Sarvesh Dhobi has moved about 1,000 miles east from his hometown in Surat to study in a coaching center in Prayagraj. He'd like to land a job in media and communications – but is not hopeful. "We are traditionally launderers, my father has a laundry business," he says. "I might have to go back home and lend a hand in that."

And Gautam notes that there are unforeseen consequences to being one of India's many unemployed young people.

"My family pressures me to get married, but who will marry an unemployed man?" he asks.

Riaz Haq said...

#India's 2022 #GDP Growth Cut to 4.6% Due to #Ukraine War. India will face restraints on several fronts: #energy access & prices, primary commodity bottlenecks, reflexes from #trade sanctions, #food #inflation, tightening policies & financial instability.
https://thewire.in/economy/indias-2022-gdp-growth-downgraded-to-4-6-due-to-ukraine-war-un-report


United Nations: India’s projected economic growth for 2022 has been downgraded by over 2% to 4.6% by the United Nations, a decrease attributed to the ongoing war in Ukraine, with New Delhi expected to face restraints on energy access and prices, reflexes from trade sanctions, food inflation, tightening policies and financial instability, according to a UN report released on Thursday.

The UN Conference on Trade and Development (UNCTAD) report downgraded its global economic growth projection for 2022 to 2.6% from 3.6% due to shocks from the Ukraine war and changes in macroeconomic policies that put developing countries particularly at risk.

The report said while Russia will experience a deep recession this year, significant slowdowns in growth are expected in parts of Western Europe and Central, South and South-East Asia.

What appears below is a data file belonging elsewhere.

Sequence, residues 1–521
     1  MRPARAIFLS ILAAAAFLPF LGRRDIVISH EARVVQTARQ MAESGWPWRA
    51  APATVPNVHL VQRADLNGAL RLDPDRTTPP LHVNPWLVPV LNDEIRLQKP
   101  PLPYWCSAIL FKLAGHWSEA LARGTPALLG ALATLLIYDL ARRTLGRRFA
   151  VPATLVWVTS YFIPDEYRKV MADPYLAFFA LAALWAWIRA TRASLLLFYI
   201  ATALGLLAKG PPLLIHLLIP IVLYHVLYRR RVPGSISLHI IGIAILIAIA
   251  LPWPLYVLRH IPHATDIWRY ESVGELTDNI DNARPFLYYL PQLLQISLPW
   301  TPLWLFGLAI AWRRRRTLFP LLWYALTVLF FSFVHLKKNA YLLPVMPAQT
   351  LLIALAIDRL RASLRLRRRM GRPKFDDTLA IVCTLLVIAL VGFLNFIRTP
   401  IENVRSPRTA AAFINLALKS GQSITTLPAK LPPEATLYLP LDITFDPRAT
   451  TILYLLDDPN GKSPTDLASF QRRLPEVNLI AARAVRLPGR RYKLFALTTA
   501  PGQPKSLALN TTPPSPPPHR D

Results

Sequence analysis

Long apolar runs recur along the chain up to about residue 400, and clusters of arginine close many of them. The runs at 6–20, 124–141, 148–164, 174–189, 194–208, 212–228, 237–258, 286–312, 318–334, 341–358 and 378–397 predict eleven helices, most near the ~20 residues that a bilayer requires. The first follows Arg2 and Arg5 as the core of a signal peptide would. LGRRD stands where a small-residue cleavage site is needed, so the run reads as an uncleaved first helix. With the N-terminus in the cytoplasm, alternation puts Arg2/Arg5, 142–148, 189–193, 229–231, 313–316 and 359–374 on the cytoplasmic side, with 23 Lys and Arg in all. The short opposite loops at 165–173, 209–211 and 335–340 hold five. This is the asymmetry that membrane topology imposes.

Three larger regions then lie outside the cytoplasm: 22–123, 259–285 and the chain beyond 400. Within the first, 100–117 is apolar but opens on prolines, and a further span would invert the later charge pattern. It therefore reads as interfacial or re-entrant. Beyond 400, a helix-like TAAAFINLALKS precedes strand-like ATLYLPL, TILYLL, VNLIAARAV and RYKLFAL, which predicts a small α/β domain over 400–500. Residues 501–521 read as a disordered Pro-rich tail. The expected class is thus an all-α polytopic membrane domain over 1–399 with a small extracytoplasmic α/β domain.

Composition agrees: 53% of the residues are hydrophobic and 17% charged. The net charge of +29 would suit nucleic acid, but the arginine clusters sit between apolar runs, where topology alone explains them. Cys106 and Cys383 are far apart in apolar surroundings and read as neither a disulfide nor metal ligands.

India was forecast to grow at 6.7% in 2022 and this projection has been downgraded to 4.6% by UNCTAD.

The report said as some of the other economies in South and Western Asia may gain some benefits from fast growth of demand and prices of energy, they will be hampered by the adversities in primary commodity markets, especially food inflation, and will be further hit by inherent financial instabilities.



India in particular will face restraints on several fronts: energy access and prices, primary commodity bottlenecks, reflexes from trade sanctions, food inflation, tightening policies and financial instability, it said.

The report has downgraded the GDP growth of the US from 3% to 2.4%. China will also see growth decrease to 4.8% from 5.7%. The report projects a deep recession for Russia, with growth decelerating from 2.3% to -7.3%.

The report said the Russian economy faces stringent external constraints imposed by the sanctions.